91 thirteen-liners comprise American poet Dave Smith's 1995 Fate's Kite, his (to its release) 15th (!) collection in 25 years. Now, this last fact, combined with Smith's position as English prof at Louisiana State U, gives long pause for concern. The publish-or-perish necessity, if not an outright marketing ploy to cover inferior verse by throwing up on the wall and hoping something sticks, is often at least a forced competition with other academic poets jockeying for the inner rail. But I'd read some intelligent poetics from Smith before, and was intrigued by how that translated to his own poetry.
Fate's Kite is a delight, a meditation on a life from toddlerhood to tottering old timer. The ordering could easily have become monotonous in tone and style, a cumbersome thematic exercise, but Smith's lines are authoritative yet graceful, mixing an elegance for language and sound with an unflinching appraisal of personal experience.
The opening to "Viking Scribbles", the 6th poem in the 7 poem sequence entitled "A Gift for Seamus": "August. I watch the shipyard lights walk water/to Craney Island. My Dad's dead. Do spirits/walk like fireflies threading life in the weed-tips,".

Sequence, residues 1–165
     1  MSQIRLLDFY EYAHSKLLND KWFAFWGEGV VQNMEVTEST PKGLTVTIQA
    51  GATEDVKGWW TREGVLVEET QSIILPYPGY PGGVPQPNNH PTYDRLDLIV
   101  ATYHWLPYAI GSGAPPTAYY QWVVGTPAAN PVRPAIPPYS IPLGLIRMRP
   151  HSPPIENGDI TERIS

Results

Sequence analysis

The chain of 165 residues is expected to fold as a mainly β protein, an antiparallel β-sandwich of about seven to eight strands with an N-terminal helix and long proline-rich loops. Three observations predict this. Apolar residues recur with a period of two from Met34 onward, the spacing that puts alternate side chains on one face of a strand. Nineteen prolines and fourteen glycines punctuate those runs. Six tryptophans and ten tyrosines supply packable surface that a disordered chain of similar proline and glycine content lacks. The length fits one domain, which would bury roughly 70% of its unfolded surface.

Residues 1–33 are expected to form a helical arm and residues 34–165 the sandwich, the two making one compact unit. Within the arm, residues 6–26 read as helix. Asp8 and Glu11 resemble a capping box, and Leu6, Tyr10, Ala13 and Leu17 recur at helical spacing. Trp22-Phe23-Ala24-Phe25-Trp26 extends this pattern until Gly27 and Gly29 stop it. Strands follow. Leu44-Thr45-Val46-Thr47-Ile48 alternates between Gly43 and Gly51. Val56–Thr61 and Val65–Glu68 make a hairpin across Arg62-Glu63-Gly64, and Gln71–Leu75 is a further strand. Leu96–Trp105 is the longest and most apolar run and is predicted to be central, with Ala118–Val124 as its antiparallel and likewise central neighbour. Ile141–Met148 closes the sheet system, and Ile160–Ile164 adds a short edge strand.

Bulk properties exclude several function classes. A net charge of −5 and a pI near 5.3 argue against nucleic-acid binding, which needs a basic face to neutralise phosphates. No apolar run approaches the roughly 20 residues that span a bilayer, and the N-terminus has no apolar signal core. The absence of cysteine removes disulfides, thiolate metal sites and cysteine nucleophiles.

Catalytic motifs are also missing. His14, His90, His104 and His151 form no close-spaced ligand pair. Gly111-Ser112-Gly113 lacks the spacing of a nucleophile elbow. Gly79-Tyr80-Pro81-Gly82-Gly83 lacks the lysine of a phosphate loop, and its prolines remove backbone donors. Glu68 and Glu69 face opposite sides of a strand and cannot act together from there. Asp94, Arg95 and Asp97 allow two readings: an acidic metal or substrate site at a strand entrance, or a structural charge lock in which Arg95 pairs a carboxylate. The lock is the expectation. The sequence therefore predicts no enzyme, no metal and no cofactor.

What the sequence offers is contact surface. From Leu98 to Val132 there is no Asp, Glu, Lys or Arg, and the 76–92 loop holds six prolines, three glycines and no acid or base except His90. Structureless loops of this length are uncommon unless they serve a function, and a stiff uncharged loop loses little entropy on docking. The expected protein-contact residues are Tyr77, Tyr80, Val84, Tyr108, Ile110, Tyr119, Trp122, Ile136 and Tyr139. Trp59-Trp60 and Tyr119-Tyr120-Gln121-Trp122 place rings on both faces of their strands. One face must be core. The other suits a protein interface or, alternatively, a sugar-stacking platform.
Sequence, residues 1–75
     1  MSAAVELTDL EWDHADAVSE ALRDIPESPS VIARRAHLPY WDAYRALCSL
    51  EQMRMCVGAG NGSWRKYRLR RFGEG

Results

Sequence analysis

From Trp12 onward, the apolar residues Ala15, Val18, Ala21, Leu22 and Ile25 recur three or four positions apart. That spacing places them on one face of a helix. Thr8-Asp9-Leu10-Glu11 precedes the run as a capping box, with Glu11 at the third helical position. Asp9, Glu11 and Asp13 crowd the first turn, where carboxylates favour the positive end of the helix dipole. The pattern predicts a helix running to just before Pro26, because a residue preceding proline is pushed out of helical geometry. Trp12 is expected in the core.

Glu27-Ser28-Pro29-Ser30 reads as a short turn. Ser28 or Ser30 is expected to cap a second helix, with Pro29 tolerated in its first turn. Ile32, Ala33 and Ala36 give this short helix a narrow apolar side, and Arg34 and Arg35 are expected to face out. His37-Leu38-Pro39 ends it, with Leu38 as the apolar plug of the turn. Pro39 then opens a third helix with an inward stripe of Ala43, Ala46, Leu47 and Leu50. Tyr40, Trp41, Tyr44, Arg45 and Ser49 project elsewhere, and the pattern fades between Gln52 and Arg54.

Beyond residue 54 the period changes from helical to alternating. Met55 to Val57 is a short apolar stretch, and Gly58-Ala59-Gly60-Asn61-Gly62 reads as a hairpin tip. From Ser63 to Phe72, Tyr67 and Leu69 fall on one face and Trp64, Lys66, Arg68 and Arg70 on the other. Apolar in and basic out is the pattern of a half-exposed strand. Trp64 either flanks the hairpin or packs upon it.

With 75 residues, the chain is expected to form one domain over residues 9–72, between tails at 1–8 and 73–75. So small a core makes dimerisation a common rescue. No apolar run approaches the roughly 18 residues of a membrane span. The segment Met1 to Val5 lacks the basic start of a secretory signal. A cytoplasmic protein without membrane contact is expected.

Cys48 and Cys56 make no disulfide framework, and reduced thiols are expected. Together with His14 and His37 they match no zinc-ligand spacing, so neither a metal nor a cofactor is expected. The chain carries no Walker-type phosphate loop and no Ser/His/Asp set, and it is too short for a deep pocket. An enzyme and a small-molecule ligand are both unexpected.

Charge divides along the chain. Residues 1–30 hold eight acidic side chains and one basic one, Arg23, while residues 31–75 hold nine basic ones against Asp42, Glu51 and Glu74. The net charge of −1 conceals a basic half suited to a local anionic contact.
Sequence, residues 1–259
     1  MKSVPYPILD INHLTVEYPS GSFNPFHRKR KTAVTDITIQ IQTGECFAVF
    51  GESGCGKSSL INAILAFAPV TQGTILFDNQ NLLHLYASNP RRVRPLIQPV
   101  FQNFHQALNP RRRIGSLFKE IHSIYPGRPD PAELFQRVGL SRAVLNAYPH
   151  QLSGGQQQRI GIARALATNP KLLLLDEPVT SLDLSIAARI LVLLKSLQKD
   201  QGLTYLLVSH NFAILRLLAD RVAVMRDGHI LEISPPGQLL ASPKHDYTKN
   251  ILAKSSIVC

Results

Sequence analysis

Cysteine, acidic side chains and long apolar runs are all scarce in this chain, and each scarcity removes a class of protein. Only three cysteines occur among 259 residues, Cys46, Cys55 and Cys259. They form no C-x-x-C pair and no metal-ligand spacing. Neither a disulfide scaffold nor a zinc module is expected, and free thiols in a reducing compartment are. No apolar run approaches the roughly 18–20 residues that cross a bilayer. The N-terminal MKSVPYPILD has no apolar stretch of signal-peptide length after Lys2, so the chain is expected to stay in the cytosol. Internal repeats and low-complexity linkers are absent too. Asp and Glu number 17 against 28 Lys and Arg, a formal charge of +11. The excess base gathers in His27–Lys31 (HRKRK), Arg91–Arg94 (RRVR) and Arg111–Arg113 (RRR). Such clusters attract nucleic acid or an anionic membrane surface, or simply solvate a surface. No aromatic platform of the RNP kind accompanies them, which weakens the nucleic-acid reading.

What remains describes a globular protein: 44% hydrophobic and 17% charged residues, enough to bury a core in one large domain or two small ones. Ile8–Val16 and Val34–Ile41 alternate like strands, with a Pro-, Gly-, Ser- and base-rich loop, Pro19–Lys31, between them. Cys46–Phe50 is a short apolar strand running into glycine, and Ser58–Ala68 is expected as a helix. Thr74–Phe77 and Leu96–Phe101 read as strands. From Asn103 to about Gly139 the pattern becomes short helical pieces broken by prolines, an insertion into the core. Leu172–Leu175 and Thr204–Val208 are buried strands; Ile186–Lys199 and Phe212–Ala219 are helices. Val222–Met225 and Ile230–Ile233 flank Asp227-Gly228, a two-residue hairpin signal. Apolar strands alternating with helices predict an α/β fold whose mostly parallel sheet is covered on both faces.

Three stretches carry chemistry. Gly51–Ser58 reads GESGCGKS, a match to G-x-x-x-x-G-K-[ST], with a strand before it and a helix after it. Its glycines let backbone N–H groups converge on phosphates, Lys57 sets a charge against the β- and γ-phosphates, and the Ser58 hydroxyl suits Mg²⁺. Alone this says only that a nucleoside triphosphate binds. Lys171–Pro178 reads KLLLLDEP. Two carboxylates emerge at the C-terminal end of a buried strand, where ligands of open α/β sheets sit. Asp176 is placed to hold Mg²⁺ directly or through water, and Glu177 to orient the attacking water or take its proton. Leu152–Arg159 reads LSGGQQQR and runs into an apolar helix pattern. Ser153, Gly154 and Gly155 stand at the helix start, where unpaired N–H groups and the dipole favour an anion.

From "Otter Like a Muse": "Lithe as an otter, body of gold smoke".
From "Compost Pile": "what to do/with the dead dog that outweighs my old wife".
From "Nine Ball": "My anger's long for the room of broken chairs in rows,/spittoons with death's brown beauty breeding its glue".
From "Doctor's Office": "There's never anything good to read is there?/Only plenty of the dated stuff, like deaths,/the usual missing page of Field and Stream,/ ... last year's Time's Man of the Year,/the crisis still unsolved".
Well, there're plenty of good lines, and entire poems, to read from Smith's slant.